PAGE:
Introducing Visiting Professor: Anne Gilman

By DaEun Jung '21


“I think little children understand language before they can produce it. Language skills...come from our own life experience.”

Anne Gilman grew up outside the city of Austin and dreamt of painting airplanes in colorful patterns as a child. Now, she is a visiting professor of psychology and linguistics at Bennington College.

Anne has earned a Master’s Degree in Linguistics at the University of Texas and a Ph.D. in Psychology at the University of New Hampshire. Previously, she has taught at Juniata College, Iona College, Brittin College, and a few other institutions. Some of her publications include Proceedings of the 38th Annual Conference of the Cognitive Science Society and Does level of detail influence the picture superiority effect? Anne has done service projects at Juniata College to support religious tolerance. Some of Anne’s other service works are General Electric Community Outreach and UNH Strategic Planning Working Group.

Although new to Bennington College, Anne is very enthusiastic to share her thoughts  on Bennington and its students. She says, “I like working with students who are taking initiative in their own learning.”

Anne is currently is doing a pilot study, a small piece of research to get feedback from others. She’s collaborating with a professor at UMass to do research, outreach, and building community standards. The purpose of the project is to investigate perception and language and/or perception in cognition through ethical research. “By ‘ethical research’ I mean trying to encourage subjects to willingly participate and also make sure that this research will make them aware of the costs and benefits that they will face when they choose to participate in [it]” says Anne.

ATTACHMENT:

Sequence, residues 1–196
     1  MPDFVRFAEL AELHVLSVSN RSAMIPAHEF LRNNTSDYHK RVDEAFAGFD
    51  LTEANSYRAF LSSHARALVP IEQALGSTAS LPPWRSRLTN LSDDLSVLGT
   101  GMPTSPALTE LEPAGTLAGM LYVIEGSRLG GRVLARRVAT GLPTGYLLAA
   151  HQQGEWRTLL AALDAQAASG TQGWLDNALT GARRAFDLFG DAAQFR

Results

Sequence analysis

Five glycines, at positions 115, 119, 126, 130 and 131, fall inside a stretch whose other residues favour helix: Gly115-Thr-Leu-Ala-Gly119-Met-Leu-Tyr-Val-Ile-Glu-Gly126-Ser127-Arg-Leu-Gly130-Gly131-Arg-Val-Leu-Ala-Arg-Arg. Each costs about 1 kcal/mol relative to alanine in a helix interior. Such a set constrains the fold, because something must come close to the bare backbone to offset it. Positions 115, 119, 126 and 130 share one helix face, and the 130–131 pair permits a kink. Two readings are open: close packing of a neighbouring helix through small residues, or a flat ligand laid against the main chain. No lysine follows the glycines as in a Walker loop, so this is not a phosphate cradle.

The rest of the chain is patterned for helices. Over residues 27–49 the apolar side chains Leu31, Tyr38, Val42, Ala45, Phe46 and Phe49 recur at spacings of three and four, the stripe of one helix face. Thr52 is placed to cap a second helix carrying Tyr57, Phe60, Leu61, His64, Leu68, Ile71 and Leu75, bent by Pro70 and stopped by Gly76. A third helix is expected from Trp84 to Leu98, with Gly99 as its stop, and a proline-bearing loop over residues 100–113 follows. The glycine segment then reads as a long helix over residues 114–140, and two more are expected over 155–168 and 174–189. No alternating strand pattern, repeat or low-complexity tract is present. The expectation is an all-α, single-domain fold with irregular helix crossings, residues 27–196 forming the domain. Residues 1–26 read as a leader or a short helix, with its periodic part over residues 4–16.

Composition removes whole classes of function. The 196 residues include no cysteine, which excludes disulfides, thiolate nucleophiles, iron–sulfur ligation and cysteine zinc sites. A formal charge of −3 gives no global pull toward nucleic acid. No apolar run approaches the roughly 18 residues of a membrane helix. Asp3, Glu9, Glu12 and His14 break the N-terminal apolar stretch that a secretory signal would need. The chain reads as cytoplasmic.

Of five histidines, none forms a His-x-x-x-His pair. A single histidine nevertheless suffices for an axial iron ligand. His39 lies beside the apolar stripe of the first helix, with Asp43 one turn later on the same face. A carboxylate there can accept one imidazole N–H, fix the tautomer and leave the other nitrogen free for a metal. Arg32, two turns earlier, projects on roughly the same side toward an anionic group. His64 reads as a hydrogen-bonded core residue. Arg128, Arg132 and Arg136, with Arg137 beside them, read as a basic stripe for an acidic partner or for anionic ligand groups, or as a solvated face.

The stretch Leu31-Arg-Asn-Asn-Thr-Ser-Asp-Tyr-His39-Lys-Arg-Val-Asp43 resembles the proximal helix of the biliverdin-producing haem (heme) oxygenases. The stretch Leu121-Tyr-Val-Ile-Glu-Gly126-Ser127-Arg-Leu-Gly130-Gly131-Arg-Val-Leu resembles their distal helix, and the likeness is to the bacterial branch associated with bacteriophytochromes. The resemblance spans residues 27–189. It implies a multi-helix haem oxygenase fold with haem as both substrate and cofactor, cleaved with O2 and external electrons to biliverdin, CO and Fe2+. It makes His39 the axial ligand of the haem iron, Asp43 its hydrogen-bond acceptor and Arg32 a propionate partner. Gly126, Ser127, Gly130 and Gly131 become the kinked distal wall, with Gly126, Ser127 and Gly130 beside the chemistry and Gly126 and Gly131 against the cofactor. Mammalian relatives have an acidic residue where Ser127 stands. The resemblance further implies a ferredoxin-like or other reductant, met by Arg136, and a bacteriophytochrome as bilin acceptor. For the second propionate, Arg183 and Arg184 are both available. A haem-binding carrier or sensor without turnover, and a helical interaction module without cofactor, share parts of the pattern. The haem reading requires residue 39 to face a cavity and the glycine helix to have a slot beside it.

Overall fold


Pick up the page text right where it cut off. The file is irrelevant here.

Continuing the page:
Anne finds this ethical issue critical because often times researchers will force participants to take part in an experiment “in the name of science” and not warn them about the costs that they will face. And she plans to accomplish this ethical way of conducting research by having local teens from Pittsfield to reach out to the elders in their community by through personal interviews. Anne hopes to involve Bennington students in this project  to help these high schoolers create and conduct these interviews. By thinking through the process of conducting ethical research, Anne also hopes to get more diverse populations to take part in this research.

When asked the question: “What are some aspects about linguistics that normal/regular people should know about?,”,Anne responded, “I think little children understand language before they can produce it. Language skills are something that develop in school, but come from our own life experience.”

Anne is also willing to give some advice to her students who are taking her two classes. For the students taking Psychology of Language, she hoped her students “understand how language works and how people use it in ordinary and in clinical situations.” For those taking the Cognitive Neuroscience of Preference and Liking Class, Anne hoped they would have “an understanding of the core brain processes that we rely on to appreciate a painting or a piece of music.”

Another thing that Anne is enthusiastic about is her upcoming pop-up course in the spring term. Anne mentioned that the course will be happening on Mondays and Tuesdays. It will be about a man who got fired because he said that women can’t be good engineers. She stated that the important focus of this course would be “the idea that when you believe a claim, you need to look at the context of of the claim.”

Anne is not only passionate about her research and her work, but also about sharing what she has acquired through her experiences with her students. She is both professional and vigorous, but can also be warm and casual at times. The interview bookends as follows:

“ I actually got new lights up yesterday on my wall. Do you see it?”– asked Anne.

“Yeah, very nice. What color is it?”– I responded.

“Hmm, something like jewel-term? My son picked them out for me.”– remarked Anne.

“Alright, thanks Anne. It was nice talking to you.”– I said.

“You bet!”– exclaimed Anne.